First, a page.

Shonda Rhimes has a message for her daughters: please don’t thank me for my “sacrifices.”
After noticing that all of the Mother’s Day cards out there are about moms giving up so much and being so selfless, Rhimes asks what should be an obvious question, “Where is the greeting card that says, ‘Mother, you taught me how to be a powerful woman.’ ‘Mother, you taught me how to earn a living.’ ‘Mother, you taught me how to speak up for myself and not back down.’?”
Such a great point. And I am certain like many moms, I feel like I should be the one thanking my daughter, for making me stronger and more resilient; more self-forgiving; more appreciative and joyful every day.
For those who don’t have kids, I know this all may sound even more martyrly, and may even incite an eye roll or two. But you see, my daughter was born during the most stressful time of my entire life — I had her in March 2009, in the thick of the recession. Trying to keep your business afloat was just as terrifying as trying to keep a job; the new client inquiries dried up, the monthly retainers were cut in half (if not cut altogether). Hospital bills, mortgage payments, self-employment taxes piled up. One month after giving birth to this beautiful little girl, I had to start working again. No choice. I tried to work with her at home (naively; she was one of those babies who only took a 20-minute nap the entire day!). By the time she reached four months, I had to put her into a Montessori infant care program full-time so I could work full-time. With that added but necessary expense, it was time to get really resourceful.
But that pushed me, is my point: I had to think of new ways to market myself, and hence, I started this space…which led to press and events, which led to amazing exposure, more client work, travel and opportunities. And if you lived and worked through the recession, you know, you just couldn’t bring yourself to say “no” to any opportunity, EVER again.
After fours years of this “luck” and abundance, I was totally exhausted.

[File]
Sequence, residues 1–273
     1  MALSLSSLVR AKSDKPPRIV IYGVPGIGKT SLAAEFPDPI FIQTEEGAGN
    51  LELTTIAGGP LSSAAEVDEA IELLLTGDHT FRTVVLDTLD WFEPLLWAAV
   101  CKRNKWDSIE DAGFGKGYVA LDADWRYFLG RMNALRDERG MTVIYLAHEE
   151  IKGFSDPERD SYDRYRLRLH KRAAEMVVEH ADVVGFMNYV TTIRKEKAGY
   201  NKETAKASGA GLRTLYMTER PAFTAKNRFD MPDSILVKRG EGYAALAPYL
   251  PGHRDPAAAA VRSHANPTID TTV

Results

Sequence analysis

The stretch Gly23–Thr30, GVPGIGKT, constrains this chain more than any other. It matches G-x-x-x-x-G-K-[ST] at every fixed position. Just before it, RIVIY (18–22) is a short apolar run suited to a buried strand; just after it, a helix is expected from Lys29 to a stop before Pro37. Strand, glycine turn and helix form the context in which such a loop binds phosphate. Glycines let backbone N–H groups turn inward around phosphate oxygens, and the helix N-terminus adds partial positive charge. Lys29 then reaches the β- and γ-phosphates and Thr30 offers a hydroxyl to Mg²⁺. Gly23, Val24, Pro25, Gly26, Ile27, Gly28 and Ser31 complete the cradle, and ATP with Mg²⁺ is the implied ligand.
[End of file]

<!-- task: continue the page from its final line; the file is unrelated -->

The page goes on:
But she was my light…and not just for me. Ask anyone, they’ll tell you she is a little bundle of love and energy and warmth and there are definitely times when it completely exhausts and depletes you, it’s just SO much! But boy, you miss that energy when it’s gone. And in October 2014 after returning from New York and the biggest meeting of my career (and subsequently completely missing an important volunteer meeting back home…because I had three calendars…not synced), I hit a wall: she was already almost six, I was running ragged thinking I was being a “great mom” by providing for her, but really, I was completely missing the whole point. And when I finally decided it was time to slow it all down, take on less, say “no” to opportunities (gasp!), dedicate more time to her school and activities and being home and cooking dinner — just being her mom — she pulled me back into her light: singing Michael Bublé songs and dancing around the kitchen island; her big hugs and boundless love; her attention to MY needs (“Mom, you said you needed to go to bed earlier, why were you up so late?“).
So, long story short: for me, being a mom is NOT a sacrifice. Rather, it’s what I’m most grateful for. I’m the one who is thankful that through this experience of being mom to this amazing little girl, I’ve become a more powerful woman, I’ve learned how to earn new livings, I’ve gained the ability to say “no” and stand up for myself and our precious time together. I might never be the mom who brings homemade cookies to a bake sale or chaperones field trips or knows what the heck to do with leprechaun traps (what?!), but…I hope she’ll want to be a powerful and resilient woman too.
I don’t often use this page as a personal journal, but I thought perhaps there were other moms out there feeling as grateful as I am today. So THANK YOU LEIGHTON, you are more to me than I could have ever imagined deserving in life.
Love, your mommy!
And Happy Mother’s Day to all the other mommies out there!